September 12, 2007 / 7:21 PM / 10 years ago

Greece okays landmark demolition for Acropolis view

<p>A plaque is placed in front of the Parthenon atop the Acropolis during the announcement of its classification at the top of a new list of European Cultural Heritage sites, March 26, 2007. Greece's Culture Minister signed a decree allowing the demolition of a historical landmark in central Athens to improve the view for a new museum a stone's throw from the Parthenon, the ministry said on Wednesday.Stringer</p>

ATHENS (Reuters Life!) - Greece's Culture Minister signed a decree allowing the demolition of a historical landmark in central Athens to improve the view for a new museum a stone's throw from the Parthenon, the ministry said on Wednesday.

Despite protests from conservationists, minister George Voulgarakis signed a decree allowing the demolition of an art deco building and a neo-classical property owned by the Oscar-award winning composer Vangelis.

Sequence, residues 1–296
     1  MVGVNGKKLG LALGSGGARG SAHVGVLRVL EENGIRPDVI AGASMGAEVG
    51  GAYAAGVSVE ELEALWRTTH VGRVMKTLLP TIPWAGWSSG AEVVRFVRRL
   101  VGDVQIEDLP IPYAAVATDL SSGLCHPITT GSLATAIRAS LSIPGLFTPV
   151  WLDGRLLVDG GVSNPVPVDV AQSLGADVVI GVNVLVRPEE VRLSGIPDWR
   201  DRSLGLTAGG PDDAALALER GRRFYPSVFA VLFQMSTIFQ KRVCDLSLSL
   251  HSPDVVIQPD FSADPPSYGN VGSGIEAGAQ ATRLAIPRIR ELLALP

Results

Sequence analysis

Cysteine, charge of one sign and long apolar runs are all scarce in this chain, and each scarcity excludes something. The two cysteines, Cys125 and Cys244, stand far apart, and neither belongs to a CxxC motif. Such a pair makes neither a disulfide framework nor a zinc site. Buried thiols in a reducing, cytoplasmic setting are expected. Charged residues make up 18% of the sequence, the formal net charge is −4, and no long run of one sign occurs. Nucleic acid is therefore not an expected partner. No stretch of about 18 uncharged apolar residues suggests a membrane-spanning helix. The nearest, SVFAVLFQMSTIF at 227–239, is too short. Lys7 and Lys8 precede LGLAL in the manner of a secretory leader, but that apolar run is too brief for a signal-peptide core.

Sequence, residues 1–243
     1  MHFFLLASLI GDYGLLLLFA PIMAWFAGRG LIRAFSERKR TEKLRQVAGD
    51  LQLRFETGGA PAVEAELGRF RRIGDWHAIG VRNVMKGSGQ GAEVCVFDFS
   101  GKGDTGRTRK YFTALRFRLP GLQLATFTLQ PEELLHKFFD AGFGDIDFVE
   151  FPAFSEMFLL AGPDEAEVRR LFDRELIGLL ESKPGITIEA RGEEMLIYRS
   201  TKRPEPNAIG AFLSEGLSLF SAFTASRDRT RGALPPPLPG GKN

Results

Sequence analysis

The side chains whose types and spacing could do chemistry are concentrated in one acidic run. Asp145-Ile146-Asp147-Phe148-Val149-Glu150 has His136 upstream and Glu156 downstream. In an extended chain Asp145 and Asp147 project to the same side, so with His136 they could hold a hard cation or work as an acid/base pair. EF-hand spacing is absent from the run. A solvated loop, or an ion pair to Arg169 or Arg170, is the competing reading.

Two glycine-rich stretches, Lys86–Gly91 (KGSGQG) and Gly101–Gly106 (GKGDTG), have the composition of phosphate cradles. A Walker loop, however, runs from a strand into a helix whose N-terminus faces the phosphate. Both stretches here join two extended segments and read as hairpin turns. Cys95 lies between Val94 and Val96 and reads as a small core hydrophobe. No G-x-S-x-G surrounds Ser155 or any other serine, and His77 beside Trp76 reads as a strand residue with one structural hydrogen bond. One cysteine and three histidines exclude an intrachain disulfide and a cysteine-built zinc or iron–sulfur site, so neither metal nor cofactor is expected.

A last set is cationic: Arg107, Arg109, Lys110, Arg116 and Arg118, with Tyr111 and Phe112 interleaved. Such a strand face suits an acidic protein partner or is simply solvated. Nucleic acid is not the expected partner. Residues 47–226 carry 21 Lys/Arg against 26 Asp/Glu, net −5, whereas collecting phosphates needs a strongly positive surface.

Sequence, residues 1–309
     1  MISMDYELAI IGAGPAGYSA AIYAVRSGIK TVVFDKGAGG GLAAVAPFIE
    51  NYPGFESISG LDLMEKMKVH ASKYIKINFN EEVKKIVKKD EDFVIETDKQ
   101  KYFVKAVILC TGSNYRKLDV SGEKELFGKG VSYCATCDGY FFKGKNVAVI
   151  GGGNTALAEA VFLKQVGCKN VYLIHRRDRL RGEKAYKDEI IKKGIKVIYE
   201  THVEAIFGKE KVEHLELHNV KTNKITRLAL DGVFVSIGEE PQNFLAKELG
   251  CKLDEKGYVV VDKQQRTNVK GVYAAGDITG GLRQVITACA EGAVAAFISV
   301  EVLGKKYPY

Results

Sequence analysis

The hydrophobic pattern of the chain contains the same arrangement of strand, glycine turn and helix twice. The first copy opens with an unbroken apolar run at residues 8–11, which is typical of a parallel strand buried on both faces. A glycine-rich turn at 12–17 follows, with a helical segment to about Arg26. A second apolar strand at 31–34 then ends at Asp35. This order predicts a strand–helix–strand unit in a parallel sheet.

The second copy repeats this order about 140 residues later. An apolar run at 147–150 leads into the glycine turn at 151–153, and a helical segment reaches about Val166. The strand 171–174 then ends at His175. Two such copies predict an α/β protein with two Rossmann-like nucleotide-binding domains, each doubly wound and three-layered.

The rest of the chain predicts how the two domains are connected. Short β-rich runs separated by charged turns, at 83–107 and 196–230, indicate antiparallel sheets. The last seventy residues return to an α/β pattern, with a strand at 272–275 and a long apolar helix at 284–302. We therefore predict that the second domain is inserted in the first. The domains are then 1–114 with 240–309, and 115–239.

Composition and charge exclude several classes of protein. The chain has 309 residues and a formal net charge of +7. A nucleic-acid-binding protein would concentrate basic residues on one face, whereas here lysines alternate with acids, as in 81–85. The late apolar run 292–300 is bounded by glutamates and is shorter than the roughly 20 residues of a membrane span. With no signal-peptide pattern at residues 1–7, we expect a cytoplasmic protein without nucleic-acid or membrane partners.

Voulgarakis signed the legislation on Aug 30 ahead of a Sept 16 election and while public attention in Greece was riveted by raging forest fires which destroyed whole villages and killed more than 60 people.

"The minister took this decision under pressure ahead of the snap election and because the central archaeological council (KAS) had already taken its decision," the culture minister's press officer Evgenia Migdou said.

The new Acropolis museum, expected to open its gates in 2008 after years of delays, has spurred renewed efforts to bring the Parthenon Sculptures, known in Britain as the Elgin Marbles, back to Greece from the British Museum.

Greece's archaeological council in July agreed that the two buildings could be demolished to improve the visual continuity between the museum and the ancient Greek ruins of the Parthenon.

"We were surprised that the minister had the peace of mind to make such a decision the week that the deadly forest fires raged in Olympia and across the country," said Marina Kouremenou, owner of one of the two buildings.

The ministry said opponents could still challenge the decision.

"The owners (of the buildings) can still appeal to the KAS and to the courts if they think that a wrong decision was made," Migdou said.

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